Vectors as Tools for the Study of Normal and Abnormal Growth and Differentiation

Springer Science & Business Media
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Proceedings of the NATO Advanced Research Workshop on Vectors for Transfer and Expression of Genes held in Wilsede, FRG, October 21-24, 1988 on the Occasion of the 40th Anniversary of the Heinrich-Pette-Institut fürExperimentelle Virologie u. Immunologie an der Univ. Hamburg
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Additional Information

Publisher
Springer Science & Business Media
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Published on
Jun 29, 2013
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Pages
477
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ISBN
9783642741975
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Best For
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Language
English
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Genres
Medical / Microbiology
Science / Life Sciences / Cell Biology
Science / Life Sciences / Microbiology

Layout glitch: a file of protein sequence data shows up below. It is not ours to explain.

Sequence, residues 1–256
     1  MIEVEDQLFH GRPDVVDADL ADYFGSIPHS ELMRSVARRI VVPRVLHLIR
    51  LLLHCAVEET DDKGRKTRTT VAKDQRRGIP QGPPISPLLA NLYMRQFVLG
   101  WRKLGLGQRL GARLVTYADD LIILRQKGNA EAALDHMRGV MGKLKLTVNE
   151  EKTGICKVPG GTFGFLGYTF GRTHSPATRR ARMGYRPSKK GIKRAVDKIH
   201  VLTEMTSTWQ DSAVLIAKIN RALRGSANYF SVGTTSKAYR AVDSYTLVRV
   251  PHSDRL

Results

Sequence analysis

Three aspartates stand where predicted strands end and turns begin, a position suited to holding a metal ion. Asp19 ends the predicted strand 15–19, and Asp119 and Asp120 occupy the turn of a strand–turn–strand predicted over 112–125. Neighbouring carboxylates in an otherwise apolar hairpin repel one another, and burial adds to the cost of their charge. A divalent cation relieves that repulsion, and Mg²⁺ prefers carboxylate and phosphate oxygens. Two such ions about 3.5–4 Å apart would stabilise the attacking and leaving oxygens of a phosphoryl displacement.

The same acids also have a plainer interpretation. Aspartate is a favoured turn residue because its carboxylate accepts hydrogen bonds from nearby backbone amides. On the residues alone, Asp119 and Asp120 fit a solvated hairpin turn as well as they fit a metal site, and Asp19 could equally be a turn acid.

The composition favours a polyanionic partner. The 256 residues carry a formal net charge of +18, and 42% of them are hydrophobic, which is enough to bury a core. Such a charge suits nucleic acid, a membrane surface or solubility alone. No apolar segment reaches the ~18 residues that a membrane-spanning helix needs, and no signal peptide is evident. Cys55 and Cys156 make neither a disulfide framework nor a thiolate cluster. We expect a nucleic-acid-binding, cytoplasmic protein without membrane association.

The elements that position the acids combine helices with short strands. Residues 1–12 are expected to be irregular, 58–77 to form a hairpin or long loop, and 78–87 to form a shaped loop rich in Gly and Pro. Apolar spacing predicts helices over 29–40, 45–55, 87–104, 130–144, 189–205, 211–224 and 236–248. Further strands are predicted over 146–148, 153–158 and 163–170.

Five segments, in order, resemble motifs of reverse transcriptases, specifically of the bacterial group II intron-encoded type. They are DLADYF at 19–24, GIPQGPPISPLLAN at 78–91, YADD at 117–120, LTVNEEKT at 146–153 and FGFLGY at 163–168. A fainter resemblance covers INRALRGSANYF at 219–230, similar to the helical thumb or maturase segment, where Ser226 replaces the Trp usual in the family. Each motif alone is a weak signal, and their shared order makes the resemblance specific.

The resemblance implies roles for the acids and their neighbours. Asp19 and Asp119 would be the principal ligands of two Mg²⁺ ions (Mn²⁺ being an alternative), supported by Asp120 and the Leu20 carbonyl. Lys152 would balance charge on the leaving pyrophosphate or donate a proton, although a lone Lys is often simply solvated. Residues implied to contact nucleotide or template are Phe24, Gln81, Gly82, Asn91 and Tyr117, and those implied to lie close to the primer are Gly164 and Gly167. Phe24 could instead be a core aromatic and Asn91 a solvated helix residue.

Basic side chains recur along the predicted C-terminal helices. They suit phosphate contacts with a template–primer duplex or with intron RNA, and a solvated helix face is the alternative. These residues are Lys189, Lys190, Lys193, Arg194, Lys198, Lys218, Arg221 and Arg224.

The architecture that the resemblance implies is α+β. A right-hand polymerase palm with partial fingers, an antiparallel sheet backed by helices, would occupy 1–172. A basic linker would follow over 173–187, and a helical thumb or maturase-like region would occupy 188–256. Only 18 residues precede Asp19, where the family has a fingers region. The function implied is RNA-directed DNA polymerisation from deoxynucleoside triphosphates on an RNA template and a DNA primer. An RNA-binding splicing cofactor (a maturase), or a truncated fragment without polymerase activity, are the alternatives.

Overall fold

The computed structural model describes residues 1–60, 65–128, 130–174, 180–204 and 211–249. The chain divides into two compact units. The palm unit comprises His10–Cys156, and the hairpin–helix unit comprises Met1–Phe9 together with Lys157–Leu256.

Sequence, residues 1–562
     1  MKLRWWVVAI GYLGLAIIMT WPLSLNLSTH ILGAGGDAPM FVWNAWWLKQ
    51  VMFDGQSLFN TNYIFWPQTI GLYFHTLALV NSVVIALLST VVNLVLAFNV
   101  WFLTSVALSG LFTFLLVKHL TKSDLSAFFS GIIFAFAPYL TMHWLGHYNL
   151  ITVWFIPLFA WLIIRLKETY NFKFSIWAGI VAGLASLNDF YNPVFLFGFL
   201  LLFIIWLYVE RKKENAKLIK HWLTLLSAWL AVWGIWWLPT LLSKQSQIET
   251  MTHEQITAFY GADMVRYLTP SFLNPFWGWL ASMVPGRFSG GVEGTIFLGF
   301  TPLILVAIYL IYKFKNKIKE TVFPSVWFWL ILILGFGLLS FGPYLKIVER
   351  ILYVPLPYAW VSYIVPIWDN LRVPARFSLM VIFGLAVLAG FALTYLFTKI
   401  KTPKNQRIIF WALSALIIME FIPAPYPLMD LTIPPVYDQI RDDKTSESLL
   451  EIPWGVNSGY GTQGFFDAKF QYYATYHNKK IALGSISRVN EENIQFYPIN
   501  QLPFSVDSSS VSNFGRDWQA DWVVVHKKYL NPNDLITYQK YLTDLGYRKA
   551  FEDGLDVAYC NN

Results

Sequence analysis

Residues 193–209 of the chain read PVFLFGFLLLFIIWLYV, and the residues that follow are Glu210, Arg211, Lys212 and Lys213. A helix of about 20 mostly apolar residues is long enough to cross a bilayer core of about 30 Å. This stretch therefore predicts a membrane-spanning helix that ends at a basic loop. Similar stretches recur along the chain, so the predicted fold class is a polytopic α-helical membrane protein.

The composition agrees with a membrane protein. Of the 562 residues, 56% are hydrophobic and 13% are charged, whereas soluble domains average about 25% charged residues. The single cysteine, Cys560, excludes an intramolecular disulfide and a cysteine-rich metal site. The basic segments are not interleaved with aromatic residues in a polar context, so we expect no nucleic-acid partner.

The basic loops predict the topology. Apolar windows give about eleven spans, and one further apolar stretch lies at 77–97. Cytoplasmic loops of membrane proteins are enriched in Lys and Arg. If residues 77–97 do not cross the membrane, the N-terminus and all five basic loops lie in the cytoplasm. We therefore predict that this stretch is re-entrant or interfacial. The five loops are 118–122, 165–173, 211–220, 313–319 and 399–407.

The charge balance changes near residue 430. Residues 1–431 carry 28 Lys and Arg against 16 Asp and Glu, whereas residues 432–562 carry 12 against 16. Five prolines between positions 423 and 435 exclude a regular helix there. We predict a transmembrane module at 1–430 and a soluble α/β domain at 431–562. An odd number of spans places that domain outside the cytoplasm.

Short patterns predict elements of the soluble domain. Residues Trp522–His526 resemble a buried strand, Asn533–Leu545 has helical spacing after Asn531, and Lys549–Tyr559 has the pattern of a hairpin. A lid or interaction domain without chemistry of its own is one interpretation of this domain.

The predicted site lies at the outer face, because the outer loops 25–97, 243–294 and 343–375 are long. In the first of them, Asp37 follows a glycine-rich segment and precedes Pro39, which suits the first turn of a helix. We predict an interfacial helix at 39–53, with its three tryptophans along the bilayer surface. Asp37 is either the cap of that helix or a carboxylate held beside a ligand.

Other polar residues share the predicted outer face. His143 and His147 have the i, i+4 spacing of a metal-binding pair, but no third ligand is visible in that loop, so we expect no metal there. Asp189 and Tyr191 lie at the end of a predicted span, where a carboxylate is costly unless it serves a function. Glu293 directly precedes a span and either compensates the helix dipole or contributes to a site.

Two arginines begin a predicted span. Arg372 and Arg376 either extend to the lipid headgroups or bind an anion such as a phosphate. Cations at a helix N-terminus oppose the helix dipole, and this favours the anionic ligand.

Science / Life Sciences / Molecular Biology
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Content Protection
This content is DRM protected.
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This book is a collection of papers presented at a NATO Advanced Research Workshop on "Biology and Molecular Biology of Plant-Pathogen Interactions" which was held at Dillington College, Ilminster, UK, 1-6 September 1985. It had been preceded by Advanced Study Institutes at Porte Conte, Sardinia in 1975 and at Cape Sounion, Greece in 1981. In recent years, methods for the manipulation and transfer of genes have revolutionized our understanding of gene structure and function. It was thus opportune to bring together scientists from distinct disciplines, e. g. plant pathology, cytology, biochemistry and molecular biology to discuss our present understanding of cellular interactions between plants. We also explored how the potential offered by the newer molecular technologies could best be realized. It soon became evident at the Workshop, and is a repeated theme of this publication, that future research will need concentrated multi disciplinary programmes. Many of the new approaches will be valuable. For example, immunocytochemistry does, for the first time, allow molecules to be located precisely within infected tissues. Equally, the methods of DNA isolation and gene transformation will facilitate the isolation and characterization of genes associated with pathogenesis and specificity. The description at the Workshop of immunocytochemical protocols and of transformation systems for pathogenic fungi have already stimulated an upsurge in research on plant-pathogen relationships. The papers discuss many interactions between plants and fungal and bacterial pathogens, but also provide a comparison with mycorrhizal and symbiotic relationships, and those involving mycoparasites.
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